Justice With Dignity - Committee to Remember Kimberly Rogers

Kimberly Rogers Inquest Alerts

Tory glory, Tory ghosts in uneasy mix

by Murray Campbell
Globe and Mail
Monday, December 23, 2002


The Ontario government isn't ready to put its brass knuckles into permanent storage just yet.

Community Services Minister Brenda Elliott was displaying a hard-posterior attitude last week as she talked about a coroner's jury that said imposing a lifetime benefits ban on welfare cheats is unconscionable.

"Welfare fraud is a crime," she said repeatedly to reporters looking for her reaction. "Fraud cannot be tolerated."

It was a startling bit of bravado for a government that has shown in the past eight months that it hasn't met any policy that it didn't want to reconsider if there was any electoral advantage in doing so.

Perhaps Ms. Elliott is walking on solid ground when she clomps on the backs of welfare recipients. In 1995, after all, the Progressive Conservatives struck a chord with voters with their euphemistically labelled pledge to "reform" the welfare system.

Playing that card again is certainly one way to retain the loyalty of the Tories' core vote.

Perhaps, however, the minister simply hasn't yet been countermanded by Premier Ernie Eves. Will Mr. Eves hold tight when he is challenged to square his oft-proclaimed "social conscience" with the jury's finding that the lifetime welfare ban has a "devastating and detrimental effect on our society"?

It's not just cynicism -- the Premier has, indeed, shown a good deal of flexibility since he took over from Mike Harris last April. Whether this is a good thing or not depends on whether you are a loyal trooper in the Common Sense Revolution or whether you simply want a government that accepts it can sometimes walk around obstacles rather than running straight at them.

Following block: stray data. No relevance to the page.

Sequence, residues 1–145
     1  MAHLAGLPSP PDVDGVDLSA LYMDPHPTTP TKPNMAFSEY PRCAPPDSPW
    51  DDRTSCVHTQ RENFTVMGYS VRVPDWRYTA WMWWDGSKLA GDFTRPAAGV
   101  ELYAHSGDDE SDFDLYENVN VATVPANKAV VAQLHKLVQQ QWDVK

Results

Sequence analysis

At any rate, six of the nine highlights of the fall session noted in a press release from Mr. Eves's office deal with issues in which he reacted to something put on his plate, often reversing something left over from the Harris era.

These are our highlights:

Mr. Eves signed on to a federal-provincial plan to provide nearly $230-million for Toronto cultural institutions. The deal foundered under Mr. Harris.

The Eves government retreated on the plan to privatize the Hydro One electricity-transmission system. A judicial ruling forced the issue but the Premier was astute enough to sniff out that public opinion was running against it.

Less than six months after it began, the government effectively ended Ontario's experiment with allowing electricity prices to float according to supply and demand.

Mr. Eves killed a $10-million tax credit granted to Ontario's professional sports teams in the dying hours of the Harris government.

Mr. Harris found out two months after he left office that the government would not be paying the legal fees arising from his libel lawsuit against The Globe and Mail.

A number of planned personal, corporate and property tax cuts are delayed for at least a year.

Mr. Eves says the education-funding formula is broken and he appoints Mordechai Rozanski to tell him how to fix it. In one astonishing week, he promises to give $610-million to school boards that have been complaining fruitlessly for years.

Following the tainted-water tragedy in Walkerton, the government gets back in the business of regulating Ontario's water.

The Premier defends his embrace of situational pragmatism by saying that the situations of 2002 are vastly different from what Mr. Harris had to deal with when he became premier seven years ago. But there are times when he seems almost reluctant to let go of those glory years of Tory rule.

Some days (usually when it's bad news), he and his gang take pains to refer to "the previous government."

At other times (when it's convenient to note, say, job-growth figures in the past seven years), they crow about "our government" as if it has been a seamless continuum since 1995.

Tweaked about this recently, Mr. Eves said: "What would you like us to be today?"

It was a joke, I think.


source URL: Globe and Mail





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